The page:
Everything that Larry Smith knows he has distilled into two volumes of short stories. One is A Shield of Paris. The other is Patrick Fitzmike and Mike Fitzpatrick. All the stories here, which have been previously published online or in print, are included in one or the other of those volumes.
In his stories, Larry Smith charts the transformation of irony into elegy, of the will to power into acts of love.
Larry Smith, a Pushcart Prize-nominated writer, lives and works in New Jersey. He is originally from Cleveland. For decades he labored as a business journalist and communications consultant to countries and corporations. His bylines number over a thousand and he's ghostwritten for numerous prominent personages.
His ghosted or co-bylined books include a military memoir and a political autobiography. He wrote one called Paint Good and Fast on behalf of “the world's fastest painter,” Morris Katz. It's funny and actually worth reading if you can find it anywhere.
To read his unpublished fiction, or to discuss what you read here, write to Larry Smith at .
Inspired by the lives and careers of Cardinal Francis Spellman and Cardinal Richard Cushing, Larry Smith's Patrick Fitzmike and Mike Fitzpatrick evokes the political turmoil, sexual torment, and moral crises that have beset the Catholic Church and defined our era. It is an unrelenting fiction replete with Popes and Presidents, parish priests and Broadway chorus boys. Rich in its complex prose and dark humor, this narrative offers up the spiritual antipodes of human experience, from the lofty machinations of global potentates to the naked prayers of a sinful desperate saint. Order Here…
Patrick Fitzmike and Mike Fitzpatrick excerpted in The Collagist
Beast of Burden…
The Fundament Bared…
“I Will Trouble You No Further” appeared in RavensPerch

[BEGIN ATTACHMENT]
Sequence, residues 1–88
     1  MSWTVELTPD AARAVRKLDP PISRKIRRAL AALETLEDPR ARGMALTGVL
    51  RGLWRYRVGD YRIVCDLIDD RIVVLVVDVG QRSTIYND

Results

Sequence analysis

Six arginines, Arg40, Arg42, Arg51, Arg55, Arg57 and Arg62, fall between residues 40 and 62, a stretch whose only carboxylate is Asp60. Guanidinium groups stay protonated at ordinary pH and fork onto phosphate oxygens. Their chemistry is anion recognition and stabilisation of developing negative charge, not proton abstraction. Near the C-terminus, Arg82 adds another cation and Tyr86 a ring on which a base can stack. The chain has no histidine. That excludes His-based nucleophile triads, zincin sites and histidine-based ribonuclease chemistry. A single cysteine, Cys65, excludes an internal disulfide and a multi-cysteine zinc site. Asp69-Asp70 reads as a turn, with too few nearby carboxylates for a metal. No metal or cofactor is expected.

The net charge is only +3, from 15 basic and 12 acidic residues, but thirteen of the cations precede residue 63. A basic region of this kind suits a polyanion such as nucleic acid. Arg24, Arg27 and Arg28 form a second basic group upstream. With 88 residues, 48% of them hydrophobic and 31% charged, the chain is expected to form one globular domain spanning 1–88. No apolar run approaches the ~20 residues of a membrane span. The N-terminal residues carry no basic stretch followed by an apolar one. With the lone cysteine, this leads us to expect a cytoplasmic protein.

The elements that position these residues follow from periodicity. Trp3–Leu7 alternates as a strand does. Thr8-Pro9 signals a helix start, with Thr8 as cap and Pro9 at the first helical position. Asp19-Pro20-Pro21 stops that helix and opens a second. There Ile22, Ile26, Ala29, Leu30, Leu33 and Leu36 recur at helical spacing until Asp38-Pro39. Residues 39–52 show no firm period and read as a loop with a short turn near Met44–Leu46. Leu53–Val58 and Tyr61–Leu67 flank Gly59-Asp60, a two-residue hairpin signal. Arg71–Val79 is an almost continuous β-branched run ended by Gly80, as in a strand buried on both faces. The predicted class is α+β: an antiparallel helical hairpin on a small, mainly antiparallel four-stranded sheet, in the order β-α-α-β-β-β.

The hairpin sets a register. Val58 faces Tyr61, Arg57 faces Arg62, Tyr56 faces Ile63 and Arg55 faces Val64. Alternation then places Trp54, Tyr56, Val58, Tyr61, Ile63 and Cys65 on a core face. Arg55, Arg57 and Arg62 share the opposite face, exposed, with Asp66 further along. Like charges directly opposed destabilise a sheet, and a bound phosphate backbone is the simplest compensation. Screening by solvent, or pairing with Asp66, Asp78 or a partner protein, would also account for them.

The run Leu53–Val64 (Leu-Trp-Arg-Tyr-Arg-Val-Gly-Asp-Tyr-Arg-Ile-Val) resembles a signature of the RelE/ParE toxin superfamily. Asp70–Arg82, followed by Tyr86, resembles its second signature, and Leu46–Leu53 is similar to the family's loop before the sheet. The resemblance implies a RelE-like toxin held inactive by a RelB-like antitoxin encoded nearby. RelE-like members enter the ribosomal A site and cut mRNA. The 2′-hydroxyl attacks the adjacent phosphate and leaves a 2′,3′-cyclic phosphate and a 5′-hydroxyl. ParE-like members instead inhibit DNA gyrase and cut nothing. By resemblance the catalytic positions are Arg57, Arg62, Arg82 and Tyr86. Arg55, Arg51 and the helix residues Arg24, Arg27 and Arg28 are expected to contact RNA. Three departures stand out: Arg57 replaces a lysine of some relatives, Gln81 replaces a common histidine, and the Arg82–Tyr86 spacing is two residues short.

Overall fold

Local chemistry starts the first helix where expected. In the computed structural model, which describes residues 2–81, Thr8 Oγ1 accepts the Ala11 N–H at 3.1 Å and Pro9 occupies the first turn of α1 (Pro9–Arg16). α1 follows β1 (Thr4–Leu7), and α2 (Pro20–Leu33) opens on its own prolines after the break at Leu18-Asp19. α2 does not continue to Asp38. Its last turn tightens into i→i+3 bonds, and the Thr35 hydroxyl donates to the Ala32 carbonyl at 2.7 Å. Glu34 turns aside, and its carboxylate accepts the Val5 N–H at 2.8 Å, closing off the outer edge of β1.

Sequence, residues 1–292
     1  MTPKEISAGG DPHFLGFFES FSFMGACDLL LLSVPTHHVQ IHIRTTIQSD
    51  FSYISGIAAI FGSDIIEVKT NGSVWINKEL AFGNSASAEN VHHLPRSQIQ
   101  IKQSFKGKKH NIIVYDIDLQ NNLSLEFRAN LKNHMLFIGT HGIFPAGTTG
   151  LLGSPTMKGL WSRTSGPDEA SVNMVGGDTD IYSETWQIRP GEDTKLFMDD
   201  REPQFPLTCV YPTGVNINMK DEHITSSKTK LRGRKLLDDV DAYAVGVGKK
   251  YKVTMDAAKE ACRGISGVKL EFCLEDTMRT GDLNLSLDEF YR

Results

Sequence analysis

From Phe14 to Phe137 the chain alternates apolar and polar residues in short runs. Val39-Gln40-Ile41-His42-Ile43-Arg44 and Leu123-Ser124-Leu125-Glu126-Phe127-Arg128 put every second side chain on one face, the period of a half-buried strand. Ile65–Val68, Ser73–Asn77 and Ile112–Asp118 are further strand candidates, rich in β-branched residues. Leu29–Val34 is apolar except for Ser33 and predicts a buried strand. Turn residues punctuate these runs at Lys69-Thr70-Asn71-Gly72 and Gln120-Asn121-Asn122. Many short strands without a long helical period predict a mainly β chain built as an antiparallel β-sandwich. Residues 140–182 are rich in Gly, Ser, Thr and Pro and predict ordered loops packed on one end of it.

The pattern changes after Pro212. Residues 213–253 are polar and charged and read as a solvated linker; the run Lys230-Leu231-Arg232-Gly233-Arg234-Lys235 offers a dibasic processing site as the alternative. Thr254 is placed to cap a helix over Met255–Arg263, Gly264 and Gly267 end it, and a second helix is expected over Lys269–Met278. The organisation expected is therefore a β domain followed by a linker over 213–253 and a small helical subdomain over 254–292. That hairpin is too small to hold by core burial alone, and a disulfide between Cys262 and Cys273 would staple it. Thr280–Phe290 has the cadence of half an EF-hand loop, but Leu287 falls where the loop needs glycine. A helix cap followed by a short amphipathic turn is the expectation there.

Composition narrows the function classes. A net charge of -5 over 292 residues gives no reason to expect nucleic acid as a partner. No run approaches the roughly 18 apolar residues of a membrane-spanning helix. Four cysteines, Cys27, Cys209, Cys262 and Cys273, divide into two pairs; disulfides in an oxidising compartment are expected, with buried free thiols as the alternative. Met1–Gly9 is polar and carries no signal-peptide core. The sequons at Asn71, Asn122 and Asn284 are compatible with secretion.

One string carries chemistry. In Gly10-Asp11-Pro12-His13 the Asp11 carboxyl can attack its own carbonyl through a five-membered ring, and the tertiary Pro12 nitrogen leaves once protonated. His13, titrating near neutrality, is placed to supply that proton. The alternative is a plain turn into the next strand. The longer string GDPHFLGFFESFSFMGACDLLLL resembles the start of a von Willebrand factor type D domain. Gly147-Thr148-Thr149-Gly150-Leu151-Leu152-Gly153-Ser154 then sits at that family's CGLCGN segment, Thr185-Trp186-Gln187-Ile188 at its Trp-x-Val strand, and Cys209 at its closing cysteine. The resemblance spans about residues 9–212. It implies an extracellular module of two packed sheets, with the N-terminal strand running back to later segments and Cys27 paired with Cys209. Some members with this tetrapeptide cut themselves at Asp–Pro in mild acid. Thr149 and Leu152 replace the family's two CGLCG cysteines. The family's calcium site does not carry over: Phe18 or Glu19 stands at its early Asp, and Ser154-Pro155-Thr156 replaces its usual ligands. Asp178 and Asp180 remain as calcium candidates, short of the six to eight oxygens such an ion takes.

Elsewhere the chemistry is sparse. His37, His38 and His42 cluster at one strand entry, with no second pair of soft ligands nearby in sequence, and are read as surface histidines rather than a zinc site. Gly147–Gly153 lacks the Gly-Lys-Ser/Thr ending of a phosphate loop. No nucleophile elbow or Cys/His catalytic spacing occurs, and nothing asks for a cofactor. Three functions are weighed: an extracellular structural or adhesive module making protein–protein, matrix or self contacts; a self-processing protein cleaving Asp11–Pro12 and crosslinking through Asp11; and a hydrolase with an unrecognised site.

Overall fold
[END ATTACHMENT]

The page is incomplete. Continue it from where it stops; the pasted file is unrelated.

Nope, ain’t over…
“Existential Futility” appeared in Shark Reef
“Hecuba to Him” appeared in Sequestrum
In Your Rear, Your End Again…
“Woman, My Come Is Time” appeared in Heart and Mind Zine, awarded Judge's Choice as the highest-rated short story for Issue #1.
“The Magic Moslem” appeared in Phenomenal Literature (India), Vol. 1, No.2
William Burroughs in Cleveland, almost…
“Kid's Friend” appeared in Exquisite Corpse
New Jersey, hot!…
“New Jersey and Me” appeared in Exquisite Corpse
“His Respect” appeared in Sliptongue
“He Who” appeared in FictionNow
Jesus yes or Jesus no?…
“This Rover Crossed Over” appeared in Curbside Splendor
“The Montez Get” appeared in Ray's Road Review
“Gargantua” appeared in Union Station Magazine
“Cleveland, As It Were” appeared in Offbeat/Quirky, JEF Books, edited by Eckhard Gerdes
With Dutch Schultz at world's end…
“Tight Like That” appeared in McSweeney's Quarterly Concern, Issue 27
Form is born…
“Punch Line” appeared in The Bicycle Review, Issue 30
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“Romero and Sylvette” appeared in Pank, January 2009
“Their Music” appeared in Prick of the Spindle
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“The Shield of Paris” (near title story of volume) appeared in Low Rent and was nominated for a Pushcart Prize
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“Global Positioning System” appeared in Danse Macabre, Issue 29
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“Edits Incorporated” (originally titled “The End of Time”) appeared in spork, 2005
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“Rockers” appeared in Knock, Issue 10, 2008
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She's in love with Sirhan Sirhan…
“The Testament of Betty Sue Williams” appeared in Hambone, Fall 1984
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Betty Sue Williams redux…
“The Desert by the Sea” appeared in Lucrezia Magazine, July 2009
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Story of the Month
I used to rock to Monk’s Dream when I was joyous and to Waltz for Debby in moods of tranquility colored by a muted tinge of intellection. I’d rock listening to Waltz for Debby not pursuing rarefied thought or potent ratiocination but in quiet appreciation rather of maybe this book or that book or of some idea or reference to a set or system of ideas to which my reading earlier in the day or on the previous day had exposed me. When I was angry I’d rock to Mingus and remember the descriptions on the back covers of volumes from New Directions or Grove Press with words like “mordant” (in a précis of a book by Patchen) or phrases like “paretic battlement” (in a blurb for Beckett). The music propelled me into the jagged rebellious beauty of that language.